Why Black Friday Had More Online Shoppers Than Cyber Monday, And 3 Other Trends From Retail’s Big Weekend

Retailers’ earlier-than-ever promotions may have stolen some thunder from Black Friday, but the latest scorecard shows the traditional kickoff to the holiday shopping season—the five days from Thanksgiving to Cyber Monday—remains critical.

Retailers’ earlier-than-ever promotions may have stolen some thunder from Black Friday, but the latest scorecard shows the traditional kickoff to the holiday shopping season—the five days from Thanksgiving to Cyber Monday—remains critical.
A record 190 million U.S. consumers shopped those five days, an increase of more than 24 million from last year, the National Retail Federation and Prosper Insights Analytics said Tuesday. About two-thirds visited physical stores while three-quarters shopped online. 
Consumers spent on average $362, 16% more than last year. Contrary to other years, 25-to-34-year-olds beat those aged 35 to 44 to become the biggest spenders, shelling out $440.
Echoing other studies, the survey found a healthy in-store appetite from Gen Z shoppers, driven by their desire for social interaction, nostalgia about the childhood family tradition and FOMO (fear of missing out) about deals. More than three-fifths of those aged 18 to 24 shopped in physical stores over the holiday weekend, up from 46% last year. 
Today In: Business In another surprise, the study found that Black Friday, traditionally known for driving in-store traffic, for the first time beat Cyber Monday in the number of e-commerce shoppers by 10 million, totaling 93.2 million. That online fervor beat even Black Friday’s own in-store traffic of 84.2 million shoppers.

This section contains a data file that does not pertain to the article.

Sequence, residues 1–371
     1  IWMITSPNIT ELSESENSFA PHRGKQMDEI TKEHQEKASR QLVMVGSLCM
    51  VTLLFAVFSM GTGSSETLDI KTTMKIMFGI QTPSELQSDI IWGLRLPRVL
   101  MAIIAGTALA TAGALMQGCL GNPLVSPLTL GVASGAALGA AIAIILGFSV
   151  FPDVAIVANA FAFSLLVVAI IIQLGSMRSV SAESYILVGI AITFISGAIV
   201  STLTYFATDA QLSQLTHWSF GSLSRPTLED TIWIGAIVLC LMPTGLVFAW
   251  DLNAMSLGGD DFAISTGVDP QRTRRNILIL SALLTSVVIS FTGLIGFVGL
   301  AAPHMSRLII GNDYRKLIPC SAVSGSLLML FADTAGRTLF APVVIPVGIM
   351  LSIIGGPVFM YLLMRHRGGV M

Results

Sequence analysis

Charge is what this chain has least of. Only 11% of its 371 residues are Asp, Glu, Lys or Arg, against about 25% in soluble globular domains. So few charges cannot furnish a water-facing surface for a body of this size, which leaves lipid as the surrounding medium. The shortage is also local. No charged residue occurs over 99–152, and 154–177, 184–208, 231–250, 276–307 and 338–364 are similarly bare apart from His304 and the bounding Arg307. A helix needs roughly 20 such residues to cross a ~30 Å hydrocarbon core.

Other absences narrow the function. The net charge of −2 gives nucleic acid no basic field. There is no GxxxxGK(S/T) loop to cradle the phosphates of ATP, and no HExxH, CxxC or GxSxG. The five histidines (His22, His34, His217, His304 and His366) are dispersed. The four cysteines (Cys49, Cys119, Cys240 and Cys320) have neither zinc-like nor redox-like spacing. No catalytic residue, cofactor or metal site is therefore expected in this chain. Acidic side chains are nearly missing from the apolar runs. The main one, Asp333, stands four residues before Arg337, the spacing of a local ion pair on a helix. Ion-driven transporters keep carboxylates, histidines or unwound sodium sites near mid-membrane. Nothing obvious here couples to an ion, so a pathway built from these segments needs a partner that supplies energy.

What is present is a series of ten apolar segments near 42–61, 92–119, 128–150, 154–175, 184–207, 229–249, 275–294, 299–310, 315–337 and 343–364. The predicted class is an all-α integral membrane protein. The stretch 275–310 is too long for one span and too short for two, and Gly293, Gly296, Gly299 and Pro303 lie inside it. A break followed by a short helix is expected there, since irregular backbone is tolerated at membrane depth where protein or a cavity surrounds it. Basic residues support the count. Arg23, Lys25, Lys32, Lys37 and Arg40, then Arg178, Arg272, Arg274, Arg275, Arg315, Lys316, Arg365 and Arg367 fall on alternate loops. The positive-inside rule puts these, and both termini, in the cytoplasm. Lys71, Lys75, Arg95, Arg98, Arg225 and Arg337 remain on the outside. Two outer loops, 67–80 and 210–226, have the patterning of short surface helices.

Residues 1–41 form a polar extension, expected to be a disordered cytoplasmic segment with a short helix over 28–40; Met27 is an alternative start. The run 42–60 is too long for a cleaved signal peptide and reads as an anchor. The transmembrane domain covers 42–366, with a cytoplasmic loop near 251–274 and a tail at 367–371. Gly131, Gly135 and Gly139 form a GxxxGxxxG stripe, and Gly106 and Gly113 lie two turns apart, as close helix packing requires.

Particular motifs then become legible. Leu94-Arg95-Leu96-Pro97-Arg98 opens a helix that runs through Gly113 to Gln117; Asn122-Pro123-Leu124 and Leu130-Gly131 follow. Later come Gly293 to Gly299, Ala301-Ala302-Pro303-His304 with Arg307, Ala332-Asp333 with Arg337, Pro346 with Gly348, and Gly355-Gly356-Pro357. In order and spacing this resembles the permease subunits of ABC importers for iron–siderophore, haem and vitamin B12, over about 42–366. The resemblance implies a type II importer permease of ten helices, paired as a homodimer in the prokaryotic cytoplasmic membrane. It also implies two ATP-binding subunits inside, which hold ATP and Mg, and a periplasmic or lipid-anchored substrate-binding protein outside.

“Ten years ago, Cyber Monday was about people getting back to the office after the long weekend” because of the access to high-speed internet in offices, NRF president and CEO Matthew Shay said on a media call Tuesday. “You no longer need to wait till Monday.” 
PROMOTEDJapan BRANDVOICE | Paid ProgramAt IFA, Startups Forge Human-Centric Interfaces Between People and TechnologyUNICEF USA BRANDVOICE | Paid ProgramPolio Vaccinators Build Trust To Protect Children In PakistanCivic Nation BRANDVOICE | Paid Program Tripling The College Student Vote In Ann Arbor While Black Friday may have gotten more online browsers and buyers, Cyber Monday remains the reigning king when it comes to actual spending. 
A record $9.4 billion was spent online on Cyber Monday, a nearly 20% jump from last year and the biggest U.S. online shopping day of all-time, Adobe Analytics said Tuesday. Black Friday for its part inked $7.4 billion in online sales, making it the third-largest online sales day ever, after the last two Cyber Mondays, Adobe data shows. 




Here are other key holiday trends worth watching: 
Black Friday continues to lose its luster. On Monday night, a Gap store in New York’s Midtown East still had Black Friday 50%-off-everything signs in store windows, with an employee informing me the sale had been extended through Wednesday. 
As more retailers offer doorbuster deals earlier and for longer than ever, Black Friday is not the one-day event it once was. The urgency isn’t the same, either.